Frosted about unkept promise of heating oil

Consuming Interests

April 24, 2007|By Dan Thanh Dang | Dan Thanh Dang,Sun Columnist

Bonnie Chandler's blood is still boiling about the partnership of former Congressman Joe Kennedy and Venezuelan President Hugo Chavez supplying free heating oil to poor Americans this past winter.

Her beef has nothing to do with politics, although some critics have called the free fuel offer a publicity stunt by Kennedy and an attempt by Chavez to embarrass the U.S. government and the man he calls the "devil," President Bush.

The 63-year-old Harford County resident also has no gripe against philanthropy: She is, after all, one of those who needs help to heat her home.

What really annoyed Chandler was that she was not able to collect on the promise.

"If I waited on that Joe Kennedy for my heating oil, I'd still be here sitting in the cold," Chandler said last week, when spring still felt like winter. "When I called, none of the fuel distributors do it around here."

Back in February, Chandler received a letter from Kennedy's Massachusetts-based nonprofit, Citizens Energy Corp., saying she was approved to receive 100 gallons of free heating oil from a program it started with Citgo Petroleum, Venezuela's state-owned oil company.

"As a household approved to receive federal fuel assistance ... you are authorized to receive a free delivery of fuel from our program without any approval letter from us or call from you," said the Feb. 6 letter from Citizens' director of charitable programs. "We have written your dealer to let him know about the change to encourage him to provide your free delivery as soon as possible and to inform him that we are writing you as well."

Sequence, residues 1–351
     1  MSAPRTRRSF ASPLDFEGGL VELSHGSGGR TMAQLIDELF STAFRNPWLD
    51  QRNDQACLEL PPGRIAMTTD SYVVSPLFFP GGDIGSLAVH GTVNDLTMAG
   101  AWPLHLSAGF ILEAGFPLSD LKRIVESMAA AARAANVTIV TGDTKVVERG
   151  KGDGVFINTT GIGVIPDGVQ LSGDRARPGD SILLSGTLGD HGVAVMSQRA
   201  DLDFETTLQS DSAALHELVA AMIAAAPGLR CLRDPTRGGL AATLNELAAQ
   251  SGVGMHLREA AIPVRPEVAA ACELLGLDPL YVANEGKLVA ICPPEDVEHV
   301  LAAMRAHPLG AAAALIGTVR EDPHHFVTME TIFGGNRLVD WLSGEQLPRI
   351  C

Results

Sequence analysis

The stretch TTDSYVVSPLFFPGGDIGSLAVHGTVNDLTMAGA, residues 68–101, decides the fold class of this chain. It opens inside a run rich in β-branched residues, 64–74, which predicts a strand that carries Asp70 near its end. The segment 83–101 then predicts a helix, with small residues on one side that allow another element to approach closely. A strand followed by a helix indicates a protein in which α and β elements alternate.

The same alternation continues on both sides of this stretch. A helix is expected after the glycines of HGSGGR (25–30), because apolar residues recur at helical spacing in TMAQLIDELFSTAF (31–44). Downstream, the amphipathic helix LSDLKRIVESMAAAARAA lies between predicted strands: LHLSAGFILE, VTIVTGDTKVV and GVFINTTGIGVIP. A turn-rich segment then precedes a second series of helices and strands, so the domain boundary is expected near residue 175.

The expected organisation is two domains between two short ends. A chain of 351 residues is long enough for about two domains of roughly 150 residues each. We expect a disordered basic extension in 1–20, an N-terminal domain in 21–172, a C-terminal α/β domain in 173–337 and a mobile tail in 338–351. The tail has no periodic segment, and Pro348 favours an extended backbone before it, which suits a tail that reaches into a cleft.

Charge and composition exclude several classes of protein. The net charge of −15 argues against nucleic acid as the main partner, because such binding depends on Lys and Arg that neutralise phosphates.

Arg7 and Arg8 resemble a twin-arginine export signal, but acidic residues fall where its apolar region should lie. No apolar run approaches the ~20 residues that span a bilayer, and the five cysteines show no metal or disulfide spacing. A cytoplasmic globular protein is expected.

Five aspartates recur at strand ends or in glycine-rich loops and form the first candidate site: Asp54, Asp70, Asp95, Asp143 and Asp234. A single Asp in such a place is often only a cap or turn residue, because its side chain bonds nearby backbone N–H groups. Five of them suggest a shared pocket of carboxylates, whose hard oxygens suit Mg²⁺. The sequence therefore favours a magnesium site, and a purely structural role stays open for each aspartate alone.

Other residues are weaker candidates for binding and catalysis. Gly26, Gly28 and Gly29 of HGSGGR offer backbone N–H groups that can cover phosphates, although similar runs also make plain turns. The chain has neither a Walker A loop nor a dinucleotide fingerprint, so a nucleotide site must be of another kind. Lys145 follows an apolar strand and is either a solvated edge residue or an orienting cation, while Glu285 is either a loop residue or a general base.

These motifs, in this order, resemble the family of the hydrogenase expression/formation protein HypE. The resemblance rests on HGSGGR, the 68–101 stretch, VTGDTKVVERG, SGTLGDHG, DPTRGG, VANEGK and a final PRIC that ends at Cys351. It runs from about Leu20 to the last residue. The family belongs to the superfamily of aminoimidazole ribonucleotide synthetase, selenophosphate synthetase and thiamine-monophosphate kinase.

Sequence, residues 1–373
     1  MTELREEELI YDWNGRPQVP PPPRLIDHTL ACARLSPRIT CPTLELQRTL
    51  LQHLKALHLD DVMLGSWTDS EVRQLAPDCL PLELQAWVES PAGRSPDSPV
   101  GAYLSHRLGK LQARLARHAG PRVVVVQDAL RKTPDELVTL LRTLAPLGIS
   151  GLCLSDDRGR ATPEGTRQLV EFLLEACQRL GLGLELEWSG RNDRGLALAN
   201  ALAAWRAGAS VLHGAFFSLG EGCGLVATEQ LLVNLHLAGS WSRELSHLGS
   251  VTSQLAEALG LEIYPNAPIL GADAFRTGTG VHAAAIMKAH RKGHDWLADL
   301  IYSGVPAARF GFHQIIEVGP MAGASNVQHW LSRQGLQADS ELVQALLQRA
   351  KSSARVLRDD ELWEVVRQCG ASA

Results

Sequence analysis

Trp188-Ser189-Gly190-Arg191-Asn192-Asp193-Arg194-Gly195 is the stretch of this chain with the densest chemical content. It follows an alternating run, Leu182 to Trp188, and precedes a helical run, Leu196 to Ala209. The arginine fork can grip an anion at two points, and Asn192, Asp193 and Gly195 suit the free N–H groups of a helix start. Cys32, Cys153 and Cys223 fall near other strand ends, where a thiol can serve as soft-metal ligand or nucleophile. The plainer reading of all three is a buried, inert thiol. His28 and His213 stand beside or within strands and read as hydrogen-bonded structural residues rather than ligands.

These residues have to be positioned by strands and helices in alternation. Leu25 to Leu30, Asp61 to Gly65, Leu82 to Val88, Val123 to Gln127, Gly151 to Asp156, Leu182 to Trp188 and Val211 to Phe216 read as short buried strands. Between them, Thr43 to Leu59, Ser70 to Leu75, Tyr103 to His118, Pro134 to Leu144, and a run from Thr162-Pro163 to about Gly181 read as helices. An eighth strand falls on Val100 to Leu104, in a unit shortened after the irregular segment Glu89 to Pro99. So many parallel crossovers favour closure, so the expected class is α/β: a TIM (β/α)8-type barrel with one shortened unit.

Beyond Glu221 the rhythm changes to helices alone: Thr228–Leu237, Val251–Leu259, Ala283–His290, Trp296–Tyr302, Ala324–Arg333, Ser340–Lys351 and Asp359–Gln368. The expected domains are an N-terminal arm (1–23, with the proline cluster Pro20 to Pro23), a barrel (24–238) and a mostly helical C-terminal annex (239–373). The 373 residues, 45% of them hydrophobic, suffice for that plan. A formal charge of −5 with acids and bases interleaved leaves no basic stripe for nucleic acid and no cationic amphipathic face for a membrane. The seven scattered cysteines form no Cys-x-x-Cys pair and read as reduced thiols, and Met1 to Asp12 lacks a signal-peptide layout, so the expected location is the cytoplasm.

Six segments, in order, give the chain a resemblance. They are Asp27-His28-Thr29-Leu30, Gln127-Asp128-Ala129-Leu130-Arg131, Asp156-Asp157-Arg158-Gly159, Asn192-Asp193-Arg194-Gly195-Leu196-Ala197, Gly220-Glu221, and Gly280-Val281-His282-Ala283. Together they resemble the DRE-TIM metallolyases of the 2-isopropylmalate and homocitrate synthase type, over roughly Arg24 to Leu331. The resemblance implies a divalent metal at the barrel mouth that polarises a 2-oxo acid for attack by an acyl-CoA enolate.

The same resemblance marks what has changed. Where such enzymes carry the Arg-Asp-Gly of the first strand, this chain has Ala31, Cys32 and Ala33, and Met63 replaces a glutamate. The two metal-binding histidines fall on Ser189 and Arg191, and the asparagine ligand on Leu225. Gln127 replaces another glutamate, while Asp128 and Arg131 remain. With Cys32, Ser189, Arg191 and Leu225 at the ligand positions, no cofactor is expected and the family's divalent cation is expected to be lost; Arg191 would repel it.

And yet, when Chandler called her dealer - Husky Heating Oil in Columbia - she discovered that Husky isn't in the program.

"I tried calling the 1-800-JOE-4-OIL number that the letter tells you to call if your dealer hasn't been notified, but I couldn't get an answer," Chandler said. "Thank goodness my son helps me. But what if I was dependent on this and needed this free fuel? I feel like it's a ploy."

Chandler can rest assured the letter is not a ploy. But actually getting her hands on the freebie was going to take some work - even though, curiously, the letter leads people to believe three things: 1. You don't have to do a thing because Citizens has already done all the work for you. 2. Your dealer will automatically bring you free oil if you ask. And 3. If you have any problems, just call the toll-free number.

In regards to the first two assumptions, Dan Seledee, managing member of Husky, which has 7,000 clients in the Baltimore region, says he has never heard from Citizens and has no wish to join.

"We have no pre-arranged deal," Seledee said. "What they're describing in their letter is a partnership and there is no such thing. Customers started calling us about Citizens' letter before we even knew anything about it. No one from Kennedy's organization called me or wrote me.

"I think it's insensitive of them to send these letters without making sure we're participating," Seledee said. "We've had to explain to customers that we're not. ... They're basically trying to say that I should just give this free oil to someone, send the bill to Citizens and then they'll pay me back. I'm just supposed to trust [Citizens]. That's a grand assumption on their part."

And in regards to the toll-free number, it's not much use to Chandler or anyone else if no one answers.

A few calls around found that larger companies such as Carroll Independent Fuel in Baltimore and Southern Maryland Oil in La Plata are indeed participants. But surely it wasn't Citizens' intention to have customers like Chandler search for a willing player?

Certainly not, said spokesman Ashley Durmer, who apologized for the confusion.

While an apology is nice, it doesn't explain why Citizens would tell consumers that a dealer is participating when that's not true. Asked to clarify, Durmer would not address the question.

The irony here, Durmer said, is that the free fuel letter was altered in February by Citizens "to make it easier for people to get help. We were trying to make the process more seamless for people who were already approved for federal assistance, which meant you were automatically approved with us."

But again, an automatic approval from Citizens does not equate with an automatic approval from your dealer. Citizens didn't make it easier; it made it more perplexing for consumers and annoying for the companies that had to explain why they had no free fuel.

Despite the misleading language, Durmer said that about 5,000 individuals in Maryland alone received free fuel this past season from a lineup of 72 participating dealers.

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